Potentiation of immunogenic response

An enhanced immune response to antigens, particularly normally weakly-immunogenic viral antigens, such as the HA antigen from influenza virus, is achieved by coadministering the antigen in two different physiochemical forms, particularly to enable presentation of antigen both by B cells and accessory cells.

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Description

FIELD OF INVENTION

The present invention relates to vaccination and, in particular, to formulating vaccines so as to achieve an enhanced immunogenic response to an antigen.

BACKGROUND TO THE INVENTION

Vaccination is a procedure whereby an immune response to an antigen can be achieved to protect a host from infection. Some antigens elicit a strong immune response and some a weak response. Attempts have been made to enhance the immune response of weakly-immunogenic materials. The use of chemical adjuvants achieves such potentiation but generally such materials are toxic chemicals which cannot be used in humans.

Another procedure for achieving potentiation is to conjugate the weakly-immunogenic material to a strongly-immunogenic material and administer the conjugate in a vaccine. For example, a conjugate of the capsular polysaccharide of Haemophilus influenzae type b to diphtheria toxoid, as described in U.S. Pat. Nos. 4,496,538 and 4,619,828, or a conjugate of a weak antigen to a monoclonal antibody targeting antigen-presenting cells, as described in U.S. Pat. No. 4,950,480, may be employed.

SUMMARY OF INVENTION

In accordance with the present invention, there is provided a novel procedure of vaccination to elicit an enhanced antibody response to an antigen in a naive animal by administering the antigen in at least two different physio-chemical forms. The two different physio-chemical forms of the same antigen are administered simultaneously in a naive animal to achieve the greatest degree of potentiation and may be administered at a single or two injection sites.

In order for the enhanced immune response to be achieved, it is necessary that the animal to which the antigen is coadministered, including humans, be naive, i.e. the animal has not been previously been immunized by a highly-immunogenic form of the antigen. Co-administration of the antigen to a primed animal elicits no enhancement of immune response.

BRIEF DESCRIPTION OF DRAWINGS

FIGS. 1 and 2 contain graphical data of HAI titers achieved by various forms of HA antigen in naive guinea pigs, as detailed in Example 1 below;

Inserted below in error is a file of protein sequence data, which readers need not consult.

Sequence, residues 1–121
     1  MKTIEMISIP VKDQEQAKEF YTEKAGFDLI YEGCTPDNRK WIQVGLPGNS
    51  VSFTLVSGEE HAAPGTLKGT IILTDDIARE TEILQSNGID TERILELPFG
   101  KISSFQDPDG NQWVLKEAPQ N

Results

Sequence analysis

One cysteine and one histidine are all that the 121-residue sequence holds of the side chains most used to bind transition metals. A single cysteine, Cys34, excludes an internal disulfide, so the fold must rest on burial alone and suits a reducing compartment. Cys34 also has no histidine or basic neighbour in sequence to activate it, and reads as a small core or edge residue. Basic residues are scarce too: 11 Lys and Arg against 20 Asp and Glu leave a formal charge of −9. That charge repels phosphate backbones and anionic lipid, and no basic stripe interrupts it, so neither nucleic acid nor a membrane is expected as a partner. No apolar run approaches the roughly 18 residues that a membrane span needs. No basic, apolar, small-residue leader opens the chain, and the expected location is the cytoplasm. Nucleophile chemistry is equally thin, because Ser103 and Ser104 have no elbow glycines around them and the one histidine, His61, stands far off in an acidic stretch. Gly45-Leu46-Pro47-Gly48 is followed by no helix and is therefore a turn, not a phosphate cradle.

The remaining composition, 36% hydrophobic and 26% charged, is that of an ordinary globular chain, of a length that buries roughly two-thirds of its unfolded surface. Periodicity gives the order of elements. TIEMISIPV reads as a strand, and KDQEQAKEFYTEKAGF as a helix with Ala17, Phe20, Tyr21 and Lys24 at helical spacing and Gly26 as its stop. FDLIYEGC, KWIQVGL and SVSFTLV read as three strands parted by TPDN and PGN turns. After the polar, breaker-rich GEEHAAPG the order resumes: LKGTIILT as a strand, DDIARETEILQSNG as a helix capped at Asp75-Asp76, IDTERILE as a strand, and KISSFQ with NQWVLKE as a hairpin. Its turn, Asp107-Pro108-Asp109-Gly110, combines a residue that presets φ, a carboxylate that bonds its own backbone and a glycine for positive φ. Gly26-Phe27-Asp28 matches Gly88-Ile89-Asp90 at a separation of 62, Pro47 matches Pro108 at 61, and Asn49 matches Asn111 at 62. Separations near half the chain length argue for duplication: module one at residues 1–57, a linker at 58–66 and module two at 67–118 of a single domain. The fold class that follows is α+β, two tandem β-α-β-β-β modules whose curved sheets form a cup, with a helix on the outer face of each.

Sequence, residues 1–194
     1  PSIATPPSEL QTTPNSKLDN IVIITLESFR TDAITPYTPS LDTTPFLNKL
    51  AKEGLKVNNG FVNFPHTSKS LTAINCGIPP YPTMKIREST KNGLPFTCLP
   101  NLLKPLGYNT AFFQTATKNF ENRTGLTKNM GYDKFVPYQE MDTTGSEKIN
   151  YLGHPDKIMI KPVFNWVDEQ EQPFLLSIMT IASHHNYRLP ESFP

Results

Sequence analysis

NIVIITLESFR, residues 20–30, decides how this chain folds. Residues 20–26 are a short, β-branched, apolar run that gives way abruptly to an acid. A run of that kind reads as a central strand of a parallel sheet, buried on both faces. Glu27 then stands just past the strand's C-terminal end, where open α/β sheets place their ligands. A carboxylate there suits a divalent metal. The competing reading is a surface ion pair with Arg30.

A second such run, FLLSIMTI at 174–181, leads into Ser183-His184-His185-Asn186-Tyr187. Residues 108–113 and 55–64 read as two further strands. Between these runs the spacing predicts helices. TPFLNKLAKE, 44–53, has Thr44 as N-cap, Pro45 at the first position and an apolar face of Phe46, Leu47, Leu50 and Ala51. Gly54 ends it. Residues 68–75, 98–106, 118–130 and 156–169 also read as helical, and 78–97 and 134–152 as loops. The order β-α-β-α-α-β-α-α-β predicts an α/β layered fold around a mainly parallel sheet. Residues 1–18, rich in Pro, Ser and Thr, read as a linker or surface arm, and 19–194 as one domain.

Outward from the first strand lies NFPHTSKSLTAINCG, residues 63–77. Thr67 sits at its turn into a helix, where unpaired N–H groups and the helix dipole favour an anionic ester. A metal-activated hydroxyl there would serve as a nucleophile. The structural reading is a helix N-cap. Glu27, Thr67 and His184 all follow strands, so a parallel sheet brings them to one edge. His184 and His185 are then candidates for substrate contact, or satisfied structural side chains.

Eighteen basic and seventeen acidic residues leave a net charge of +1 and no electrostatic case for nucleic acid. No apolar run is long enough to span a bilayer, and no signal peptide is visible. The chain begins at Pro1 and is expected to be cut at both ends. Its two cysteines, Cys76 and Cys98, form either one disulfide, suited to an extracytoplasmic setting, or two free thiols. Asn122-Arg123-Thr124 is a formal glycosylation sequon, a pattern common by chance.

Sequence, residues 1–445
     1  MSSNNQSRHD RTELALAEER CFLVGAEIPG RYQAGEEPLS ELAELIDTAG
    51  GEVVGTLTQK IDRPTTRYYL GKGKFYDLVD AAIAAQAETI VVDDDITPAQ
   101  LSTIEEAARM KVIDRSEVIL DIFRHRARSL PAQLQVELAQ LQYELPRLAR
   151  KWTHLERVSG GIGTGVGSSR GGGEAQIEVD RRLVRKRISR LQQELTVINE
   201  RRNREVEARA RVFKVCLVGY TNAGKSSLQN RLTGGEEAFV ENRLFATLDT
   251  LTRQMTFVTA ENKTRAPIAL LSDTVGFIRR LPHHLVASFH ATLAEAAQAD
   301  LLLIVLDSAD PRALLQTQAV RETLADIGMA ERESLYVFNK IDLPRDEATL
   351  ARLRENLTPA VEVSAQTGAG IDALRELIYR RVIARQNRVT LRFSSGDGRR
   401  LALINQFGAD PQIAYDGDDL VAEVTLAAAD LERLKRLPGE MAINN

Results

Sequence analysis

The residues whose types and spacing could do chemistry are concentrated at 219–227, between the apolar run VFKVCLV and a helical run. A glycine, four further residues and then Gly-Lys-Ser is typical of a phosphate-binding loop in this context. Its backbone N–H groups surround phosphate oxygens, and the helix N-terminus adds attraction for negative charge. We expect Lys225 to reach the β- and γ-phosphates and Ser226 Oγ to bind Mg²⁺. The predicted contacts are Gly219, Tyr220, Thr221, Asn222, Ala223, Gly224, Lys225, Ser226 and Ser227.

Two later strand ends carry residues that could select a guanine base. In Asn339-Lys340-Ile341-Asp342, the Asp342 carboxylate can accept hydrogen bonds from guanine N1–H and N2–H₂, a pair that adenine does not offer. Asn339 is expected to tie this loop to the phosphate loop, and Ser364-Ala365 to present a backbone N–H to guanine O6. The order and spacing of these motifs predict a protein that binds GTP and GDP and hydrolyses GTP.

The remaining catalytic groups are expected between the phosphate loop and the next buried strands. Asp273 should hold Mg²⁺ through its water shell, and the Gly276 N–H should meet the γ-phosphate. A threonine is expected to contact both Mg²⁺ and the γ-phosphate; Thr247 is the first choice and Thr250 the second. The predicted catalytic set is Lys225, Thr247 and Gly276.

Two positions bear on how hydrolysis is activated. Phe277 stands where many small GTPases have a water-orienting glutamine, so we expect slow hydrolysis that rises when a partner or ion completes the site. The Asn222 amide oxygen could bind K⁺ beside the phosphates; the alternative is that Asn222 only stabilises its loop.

FIGS. 3 to 5 contain graphical data of IgG anti-HA responses achieved by various forms of HA antigen in guinea pigs, as detailed in Example 2 below;

FIGS. 6 and 7 contain graphical data of HAI titers achieved by various forms of HA antigen in primed guinea pigs, as detailed in Example 3 below; and

FIGS. 8 and 9 contain graphical data of the immune response achieved by various form of OspA in naive mice, as detailed in Example 4 below.

THEORY

While the applicant does not wish to be bound to any specific theory to explain why the present invention is effective in achieving potentiation of an antigenic response by the simultaneous administration of at least two different physio-chemical forms of the antigen, the following theoretical explanation can be made.

It is known that both B cells and accessory cells must present antigens to T-cells to initiate an antibody response to the antigen in naive animals (refs. 1, 2, 3, 4 and 5). B cells and accessory cells may have preferences for different physio-chemical forms of antigens. These preferences may result from B cells and accessory cells using different mechanisms for internalizing antigens.

B cells internalize antigens via specific binding to their cell surface immunoglobulins (refs. 6, 7) and can present soluble antigens in concentrations as low as 1 ng/ml (ref. 8). Accessory cells, which are macrophages and dendritic cells, on the other hand, internalize antigens by non-specific phagocytizing and pinocytizing the antigens (ref. 9). Macrophages can present soluble antigens if they are at concentrations of approximately 100 .mu.g/ml (ref. 8). Other research (ref. 10) has demonstrated that the concentration of soluble antigen needed by macrophages can be decreased by binding the antigen to a particulate structure.